By Kim Gutschmidt
Chapter two of Bound for Glory introduces us to the Guthrie family and his hometown of Okemah, Oklahoma. It begins with his birth in 1912 and he explains that he was named Woodrow Wilson Guthrie in honor of the soon-to-be President Wilson.
Okemah, in his childhood, was a small farming community of around 1,000 citizens. Woody claims that everyone knew just about everyone else and the reader sees as the chapter progresses how that fact can be both an advantage and disadvantage. Much is made of the reputation and impressions people living in Okemah leave on each other.
Woody had two older siblings, Clara and Roy, and an amusing part of the chapter tells of how a toddler Woody attempted to follow his brother and sister to school. It reminded me of my own envy of seeing my older siblings go off to school each morning and I was left to entertain myself. Woody composed his first little song while waiting for Clara and Roy to come home, the pickets in the fence his audience.
In the chapter Woody’s father, Charles, was a successful businessman dealing in land purchases and it was a source of pride for the family that they were able to live in a fine home and were able to purchase anything they desired at local merchants just by signing their names to a charge slip.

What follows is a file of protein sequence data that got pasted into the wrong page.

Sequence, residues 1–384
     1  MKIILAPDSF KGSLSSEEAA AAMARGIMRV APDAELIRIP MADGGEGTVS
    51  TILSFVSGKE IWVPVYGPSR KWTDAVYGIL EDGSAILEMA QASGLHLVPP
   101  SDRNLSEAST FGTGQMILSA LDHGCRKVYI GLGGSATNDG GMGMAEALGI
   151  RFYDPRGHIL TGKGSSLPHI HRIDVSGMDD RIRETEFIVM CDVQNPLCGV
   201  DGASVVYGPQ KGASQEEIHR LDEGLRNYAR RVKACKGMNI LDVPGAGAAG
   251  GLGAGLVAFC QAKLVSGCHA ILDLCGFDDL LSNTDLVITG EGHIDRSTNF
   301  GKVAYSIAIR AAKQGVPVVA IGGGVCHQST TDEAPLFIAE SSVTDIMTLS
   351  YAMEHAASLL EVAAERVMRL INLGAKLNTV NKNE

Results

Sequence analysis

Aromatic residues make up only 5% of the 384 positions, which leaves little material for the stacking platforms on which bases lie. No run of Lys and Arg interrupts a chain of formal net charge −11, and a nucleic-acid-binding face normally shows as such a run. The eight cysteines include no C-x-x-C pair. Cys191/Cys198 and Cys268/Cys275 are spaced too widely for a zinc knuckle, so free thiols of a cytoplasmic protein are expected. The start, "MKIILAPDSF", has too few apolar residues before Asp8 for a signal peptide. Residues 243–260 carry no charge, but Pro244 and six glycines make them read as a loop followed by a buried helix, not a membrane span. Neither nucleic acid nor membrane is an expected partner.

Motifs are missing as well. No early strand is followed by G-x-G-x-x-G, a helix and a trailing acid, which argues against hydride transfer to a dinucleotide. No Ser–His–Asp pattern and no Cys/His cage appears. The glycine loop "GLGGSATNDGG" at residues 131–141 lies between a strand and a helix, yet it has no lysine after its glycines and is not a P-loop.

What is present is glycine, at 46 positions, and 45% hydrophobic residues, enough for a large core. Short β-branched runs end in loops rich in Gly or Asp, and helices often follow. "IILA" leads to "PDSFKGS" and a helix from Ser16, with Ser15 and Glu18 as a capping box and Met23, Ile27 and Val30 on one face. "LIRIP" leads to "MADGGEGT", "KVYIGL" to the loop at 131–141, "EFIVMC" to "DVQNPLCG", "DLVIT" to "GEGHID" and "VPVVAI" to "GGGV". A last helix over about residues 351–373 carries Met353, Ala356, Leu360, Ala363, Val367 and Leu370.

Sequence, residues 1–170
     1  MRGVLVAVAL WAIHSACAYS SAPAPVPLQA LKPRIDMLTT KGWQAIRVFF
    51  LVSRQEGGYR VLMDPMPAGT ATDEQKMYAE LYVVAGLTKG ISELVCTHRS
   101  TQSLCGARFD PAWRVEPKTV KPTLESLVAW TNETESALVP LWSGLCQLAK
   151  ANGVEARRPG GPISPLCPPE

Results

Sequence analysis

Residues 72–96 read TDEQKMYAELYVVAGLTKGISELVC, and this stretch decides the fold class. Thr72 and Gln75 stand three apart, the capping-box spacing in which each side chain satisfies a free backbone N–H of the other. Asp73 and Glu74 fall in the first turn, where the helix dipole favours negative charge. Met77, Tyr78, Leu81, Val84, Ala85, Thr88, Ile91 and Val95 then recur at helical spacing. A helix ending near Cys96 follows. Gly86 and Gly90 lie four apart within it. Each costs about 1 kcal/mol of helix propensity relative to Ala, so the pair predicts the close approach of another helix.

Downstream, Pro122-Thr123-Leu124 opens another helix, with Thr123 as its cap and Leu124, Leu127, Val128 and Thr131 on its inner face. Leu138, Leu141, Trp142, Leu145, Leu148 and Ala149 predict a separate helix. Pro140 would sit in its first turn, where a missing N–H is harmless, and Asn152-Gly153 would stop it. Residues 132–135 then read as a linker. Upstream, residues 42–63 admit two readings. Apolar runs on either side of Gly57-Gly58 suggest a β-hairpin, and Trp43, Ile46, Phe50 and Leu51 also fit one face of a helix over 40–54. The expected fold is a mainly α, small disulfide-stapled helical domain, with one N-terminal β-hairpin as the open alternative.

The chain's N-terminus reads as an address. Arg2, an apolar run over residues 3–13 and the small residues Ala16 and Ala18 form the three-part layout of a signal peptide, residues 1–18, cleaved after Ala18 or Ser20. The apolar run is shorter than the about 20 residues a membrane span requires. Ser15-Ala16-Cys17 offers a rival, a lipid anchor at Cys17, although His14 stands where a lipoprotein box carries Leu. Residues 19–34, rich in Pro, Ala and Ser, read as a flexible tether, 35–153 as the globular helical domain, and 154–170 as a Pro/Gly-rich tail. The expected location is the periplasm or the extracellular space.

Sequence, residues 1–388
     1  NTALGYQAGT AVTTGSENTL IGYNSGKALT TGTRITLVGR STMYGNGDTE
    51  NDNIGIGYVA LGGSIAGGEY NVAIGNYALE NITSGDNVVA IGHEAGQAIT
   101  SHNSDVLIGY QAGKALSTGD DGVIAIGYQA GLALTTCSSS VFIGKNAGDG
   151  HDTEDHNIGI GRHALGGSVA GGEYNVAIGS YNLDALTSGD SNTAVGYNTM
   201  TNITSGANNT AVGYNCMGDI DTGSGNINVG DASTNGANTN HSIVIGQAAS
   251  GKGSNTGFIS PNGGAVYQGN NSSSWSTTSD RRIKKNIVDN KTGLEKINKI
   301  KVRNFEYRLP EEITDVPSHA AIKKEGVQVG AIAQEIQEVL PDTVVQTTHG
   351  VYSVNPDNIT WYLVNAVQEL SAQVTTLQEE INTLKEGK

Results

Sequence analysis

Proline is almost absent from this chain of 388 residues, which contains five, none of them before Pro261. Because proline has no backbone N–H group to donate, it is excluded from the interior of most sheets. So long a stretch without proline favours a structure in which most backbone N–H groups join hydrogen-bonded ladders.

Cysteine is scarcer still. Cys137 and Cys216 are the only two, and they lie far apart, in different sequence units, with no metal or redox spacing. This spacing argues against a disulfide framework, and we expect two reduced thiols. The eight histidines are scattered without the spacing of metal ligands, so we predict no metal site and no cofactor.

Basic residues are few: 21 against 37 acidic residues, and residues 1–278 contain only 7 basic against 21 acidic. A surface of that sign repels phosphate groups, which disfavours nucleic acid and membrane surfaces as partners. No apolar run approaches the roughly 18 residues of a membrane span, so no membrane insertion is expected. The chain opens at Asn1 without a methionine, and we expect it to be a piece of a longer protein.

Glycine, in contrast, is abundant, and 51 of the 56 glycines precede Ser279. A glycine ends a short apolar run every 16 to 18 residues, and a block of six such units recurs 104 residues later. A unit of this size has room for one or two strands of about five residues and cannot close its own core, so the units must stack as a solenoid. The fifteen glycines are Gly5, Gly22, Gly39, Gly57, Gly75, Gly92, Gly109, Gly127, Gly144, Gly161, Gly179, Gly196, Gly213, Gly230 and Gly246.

As in the first chapter, we see the theme of conflict in chapter two. Charles Guthrie is described by Woody as being a fighter in his land deals. Woody writes, “Papa was a man of brimstone and hot fire in his mind and in his fists and was known all over that section of the state as the champion of all the fist fighters.” Woody’s mother, Nora, seems to have a more gentle nature. Woody describes her as one who taught the children songs and ballads and stories and to “…always try and see the world from the other fellow’s side.” His father, however, “…taught us never and never to allow any earthly human to scare us, bully us, or run it over us.” It seems that those early lessons from his parents taught Woody to use his love of music and storytelling to fight for and demand fair treatment and to encourage others to stand up against wrong.
Another theme continued from the first chapter is one of cooperation between others in order to solve a dilemma that, on the surface, seems near impossible. Woody tells a rather funny story of him trying to best a playmate and in his eagerness to be higher and therefore superior to his playmate, Woody finds himself literally up a tree and unable to get down again. It’s the cooperation of other children in town, along with the incentive of a reward, that gets him back on the ground.
Although chapter two has charming and lighthearted stories contained within (the conversation Woody has with his mother after his tree rescue is especially sweet), there’s a dark cloud that seems to be gathering along the horizon for the family. It seems that sadness will come to the Guthrie family before too long.